`Abdu'l-Bahá and Gandhi both felt that our stewardship of animals and our relationships with other life forms should be governed by mercy and kindness towards them. `Abdu'l-Bahá writes regarding the treatment of animals,
Briefly, it is not only their fellow human beings that the beloved of God must treat with mercy and compassion, rather must they show forth the utmost loving-kindness to every living creature. For in all physical respects, and where the animal spirit is concerned, the selfsame feelings are shared by animal and man. Man hath not grasped this truth, however, and he believeth that physical sensations are confined to human beings, wherefore is he unjust to the animals, and cruel.
And yet in truth, what difference is there when it cometh to physical sensations? The feelings are one and the same, whether ye inflict pain on man or on beast. There is no difference here whatever. And indeed ye do worse to harm an animal, for man hath a language, he can lodge a complaint, he can cry out and moan; if injured he can have recourse to the authorities and these will protect him from his aggressor. But the hapless beast is mute, able neither to express its hurt nor take its case to the authorities. If a man inflict a thousand ills upon a beast, it can neither ward him off with speech nor hale him into court. Therefore is it essential that ye show forth the utmost consideration to the animal, and that ye be even kinder to him than to your fellow man.
Train your children from their earliest days to be infinitely tender and loving to animals. If an animal be sick, let the children try to heal it, if it be hungry, let them feed it, if thirsty, let them quench its thirst, if weary, let them see that it rests.
Most human beings are sinners, but the beasts are innocent. Surely those without sin should receive the most kindness and love--all except animals which are harmful, such as bloodthirsty wolves, such as poisonous snakes, and similar pernicious creatures, the reason being that kindness to these is an injustice to human beings and to other animals as well. If, for example, ye be tender-hearted toward a wolf, this is but tyranny to a sheep, for a wolf will destroy a whole flock of sheep. A rabid dog, if given the chance, can kill a thousand animals and men. Therefore, compassion shown to wild and ravening beasts is cruelty to the peaceful ones--and so the harmful must be dealt with. But to blessed animals the utmost kindness must be shown, the more the better. Tenderness and loving-kindness are basic principles of God's heavenly Kingdom. Ye should most carefully bear this matter in mind.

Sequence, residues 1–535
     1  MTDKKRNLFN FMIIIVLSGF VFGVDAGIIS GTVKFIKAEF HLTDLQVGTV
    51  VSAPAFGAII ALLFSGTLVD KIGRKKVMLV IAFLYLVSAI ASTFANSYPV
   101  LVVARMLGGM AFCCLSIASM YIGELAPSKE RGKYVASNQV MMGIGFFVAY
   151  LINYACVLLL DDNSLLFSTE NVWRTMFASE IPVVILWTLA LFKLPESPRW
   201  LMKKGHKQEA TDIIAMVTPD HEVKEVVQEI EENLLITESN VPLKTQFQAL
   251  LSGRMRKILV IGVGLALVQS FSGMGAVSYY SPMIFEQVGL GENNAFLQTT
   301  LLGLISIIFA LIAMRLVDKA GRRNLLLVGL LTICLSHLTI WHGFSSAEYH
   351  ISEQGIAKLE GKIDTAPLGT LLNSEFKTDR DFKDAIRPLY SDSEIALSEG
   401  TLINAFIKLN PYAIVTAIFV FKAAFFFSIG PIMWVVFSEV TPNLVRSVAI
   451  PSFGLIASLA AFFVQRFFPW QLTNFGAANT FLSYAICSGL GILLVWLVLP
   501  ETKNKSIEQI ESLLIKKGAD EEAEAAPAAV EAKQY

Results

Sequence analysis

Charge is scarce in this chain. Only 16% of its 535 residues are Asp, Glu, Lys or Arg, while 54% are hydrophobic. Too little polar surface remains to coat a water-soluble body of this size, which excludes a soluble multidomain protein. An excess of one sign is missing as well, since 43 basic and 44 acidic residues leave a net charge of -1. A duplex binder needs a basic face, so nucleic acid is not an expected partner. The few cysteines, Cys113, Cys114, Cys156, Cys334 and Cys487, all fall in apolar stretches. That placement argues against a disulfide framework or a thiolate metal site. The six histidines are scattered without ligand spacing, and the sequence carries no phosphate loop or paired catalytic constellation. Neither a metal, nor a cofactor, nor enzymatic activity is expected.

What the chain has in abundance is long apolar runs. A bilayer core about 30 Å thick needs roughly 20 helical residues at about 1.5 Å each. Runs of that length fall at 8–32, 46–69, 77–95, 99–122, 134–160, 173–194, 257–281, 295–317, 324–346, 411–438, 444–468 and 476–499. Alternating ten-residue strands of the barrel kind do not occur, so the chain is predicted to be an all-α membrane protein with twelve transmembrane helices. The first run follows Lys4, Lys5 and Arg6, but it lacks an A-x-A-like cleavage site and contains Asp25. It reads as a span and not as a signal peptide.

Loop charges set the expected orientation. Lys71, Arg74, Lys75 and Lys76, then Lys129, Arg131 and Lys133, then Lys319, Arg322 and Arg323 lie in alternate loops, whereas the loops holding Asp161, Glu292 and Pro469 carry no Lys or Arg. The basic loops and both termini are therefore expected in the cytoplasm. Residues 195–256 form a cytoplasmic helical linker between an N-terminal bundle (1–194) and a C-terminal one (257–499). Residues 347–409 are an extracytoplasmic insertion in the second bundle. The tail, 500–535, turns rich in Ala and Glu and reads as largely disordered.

The above passage raises an interesting point: in order to exercise kindness towards humans or other creatures, it may become necessary to kill or harm other creatures. Gandhi also recognized this fact:
In life it is impossible to eschew violence completely. The question arises, where is one to draw the line? The line cannot be the same for everyone. Although essentially the principle is the same, yet everyone applies it in his or her own way. What is one man's food can be another man's poison. Meat-eating is a sin for me. Yet, for another person, who has always lived on meat and never seen anything wrong, to give it up simply in order to copy me will be a sin.
If I wish to be an agriculturist and stay in the jungle, I will have to use the minimum unavoidable violence in order to protect my fields. I will have to kill monkeys, birds, and insects which eat up my crops To allow crops to be eaten up by animals in the name of Ahimsa while there is a famine in the land is certainly a sin. Evil and good are relative terms. What is good under certain conditions can become an evil or a sin under a different set of conditions. 
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